Jump to content

Good upgrade from 9th Gen Intel?

Been rocking 9th gen for... awhile now and I've been pretty happy with it. Specifically an i7 9700k. I also just got a new RX 6700XT (still in the mail, come on UPS hurry up), and the more I use my new framework it's showing that my desktop's CPU is a bit lacking. Don't get me wrong, it works, but it's not quick. Not quite ready for an upgrade, but I'm wondering what would be a good upgrade from this? Been considering finding a used i9-9900K, but that'll be the end of the road for me because... well the Z390 won't go higher than 9th gen. I'm looking for something with a decent upgrade path. I have a preference towards AMD, but honestly I'll go either way.

Link to comment
Share on other sites

Link to post
Share on other sites

For gaming the obvious CPU would be Ryzen 7 7800X3D.

All depends on the budget though.

I edit my posts more often than not

Link to comment
Share on other sites

Link to post
Share on other sites

2 minutes ago, Tan3l6 said:

For gaming the obvious CPU would be Ryzen 7 7800X3D.

All depends on the budget though.

I'm mostly looking for CPU under $400, though I'm not familiar with modern CPU pricing. I would like at least 8 cores. Forgot to mention that

Link to comment
Share on other sites

Link to post
Share on other sites

Just now, BoredFish said:

I'm mostly looking for CPU under $400, though I'm not familiar with modern CPU pricing. I would like at least 8 cores. Forgot to mention that

In US the 7800X3D is comfortably under $400, so I think that would be the CPU to go after.

I edit my posts more often than not

Link to comment
Share on other sites

Link to post
Share on other sites

The 9900K would not be a meaningful upgrade when it comes to gaming performance, so it's good that you're skipping that.

 

Anything Intel 12th, 13th, or 14th gen from the i5 1X600K series and up would be a big upgrade over what you have now across the board. I'd recommend the i5 13600K or i7 13700K as the under $400 options. The i7 12700K, if you can get it for around $200 like it was around Black Friday, would also be a great choice - it's almost as fast as the i5 13600K, but at that price point is much better value.

 

For Ryzen, the 7700(X) or 7800X3D would be the way to go if you're just gaming, as they have the best gaming performance on the platform. The Ryzen 7 7700(X) is a fair bit cheaper, but the Ryzen 7 7800X3D is about 20-25% faster on average for gaming performance.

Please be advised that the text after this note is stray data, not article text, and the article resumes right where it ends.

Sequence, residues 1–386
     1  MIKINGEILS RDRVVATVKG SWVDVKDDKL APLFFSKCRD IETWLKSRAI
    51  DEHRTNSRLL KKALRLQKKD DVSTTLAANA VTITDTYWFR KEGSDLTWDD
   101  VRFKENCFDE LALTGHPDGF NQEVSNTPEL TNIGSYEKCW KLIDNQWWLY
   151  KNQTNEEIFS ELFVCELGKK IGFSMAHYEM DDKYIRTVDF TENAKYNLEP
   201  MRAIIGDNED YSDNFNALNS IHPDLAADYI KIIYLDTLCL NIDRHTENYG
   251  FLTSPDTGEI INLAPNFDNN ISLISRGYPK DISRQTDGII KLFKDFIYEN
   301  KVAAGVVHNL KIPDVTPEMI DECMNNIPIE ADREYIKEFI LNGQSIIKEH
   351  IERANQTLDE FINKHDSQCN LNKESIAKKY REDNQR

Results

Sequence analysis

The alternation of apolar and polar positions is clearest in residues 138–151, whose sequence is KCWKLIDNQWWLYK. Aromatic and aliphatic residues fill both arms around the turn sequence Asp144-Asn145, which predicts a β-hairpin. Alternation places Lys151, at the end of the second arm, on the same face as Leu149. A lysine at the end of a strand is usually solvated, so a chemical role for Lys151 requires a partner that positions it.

Link to comment
Share on other sites

Link to post
Share on other sites

8 minutes ago, YoungBlade said:

The 9900K would not be a meaningful upgrade when it comes to gaming performance, so it's good that you're skipping that.

 

Anything Intel 12th, 13th, or 14th gen from the i5 1X600K series and up would be a big upgrade over what you have now across the board. I'd recommend the i5 13600K or i7 13700K as the under $400 options. The i7 12700K, if you can get it for around $200 like it was around Black Friday, would also be a great choice - it's almost as fast as the i5 13600K, but at that price point is much better value.

 

For Ryzen, the 7700(X) or 7800X3D would be the way to go if you're just gaming, as they have the best gaming performance on the platform. The Ryzen 7 7700(X) is a fair bit cheaper, but the Ryzen 7 7800X3D is about 20-25% faster on average for gaming performance.

I've been mainly focusing on ryzen lately because AMD seems to be the one actually giving an upgrade path since it feels like intel uses a new socket every 5 minutes. I keep remembering things that I'm not actually mentioning 🙃, but I would use it for gaming AND workstation workloads like Fusion 360, and simulations. Basically engineering things. What would be the platform to go to in terms of like costs on motherboards? I know I'm going to need to go a new mobo any way I go, would intel or AMD be cheaper? Not going for lower end boards, made that mistake with the H310, that board was awful.